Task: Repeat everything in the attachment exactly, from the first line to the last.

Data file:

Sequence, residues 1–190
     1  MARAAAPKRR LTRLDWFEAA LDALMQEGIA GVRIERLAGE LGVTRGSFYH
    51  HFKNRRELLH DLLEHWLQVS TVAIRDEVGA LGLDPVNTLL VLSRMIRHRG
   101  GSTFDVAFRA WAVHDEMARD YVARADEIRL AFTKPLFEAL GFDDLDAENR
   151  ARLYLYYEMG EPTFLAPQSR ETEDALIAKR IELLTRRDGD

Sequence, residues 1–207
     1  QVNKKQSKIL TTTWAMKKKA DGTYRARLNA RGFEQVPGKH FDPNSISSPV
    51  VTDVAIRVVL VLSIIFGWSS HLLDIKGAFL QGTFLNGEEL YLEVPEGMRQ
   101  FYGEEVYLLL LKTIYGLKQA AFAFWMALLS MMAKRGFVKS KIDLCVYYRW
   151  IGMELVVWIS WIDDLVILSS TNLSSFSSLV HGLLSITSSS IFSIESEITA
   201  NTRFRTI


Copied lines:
Sequence, residues 1–190
     1  MARAAAPKRR LTRLDWFEAA LDALMQEGIA GVRIERLAGE LGVTRGSFYH
    51  HFKNRRELLH DLLEHWLQVS TVAIRDEVGA LGLDPVNTLL VLSRMIRHRG
   101  GSTFDVAFRA WAVHDEMARD YVARADEIRL AFTKPLFEAL GFDDLDAENR
   151  ARLYLYYEMG EPTFLAPQSR ETEDALIAKR IELLTRRDGD

Sequence, residues 1–207
     1  QVNKKQSKIL TTTWAMKKKA DGTYRARLNA RGFEQVPGKH FDPNSISSPV
    51  VTDVAIRVVL VLSIIFGWSS HLLDIKGAFL QGTFLNGEEL YLEVPEGMRQ
   101  FYGEEVYLLL LKTIYGLKQA AFAFWMALLS MMAKRGFVKS KIDLCVYYRW
   151  IGMELVVWIS WIDDLVILSS TNLSSFSSLV HGLLSITSSS IFSIESEITA
   201  NTRFRTI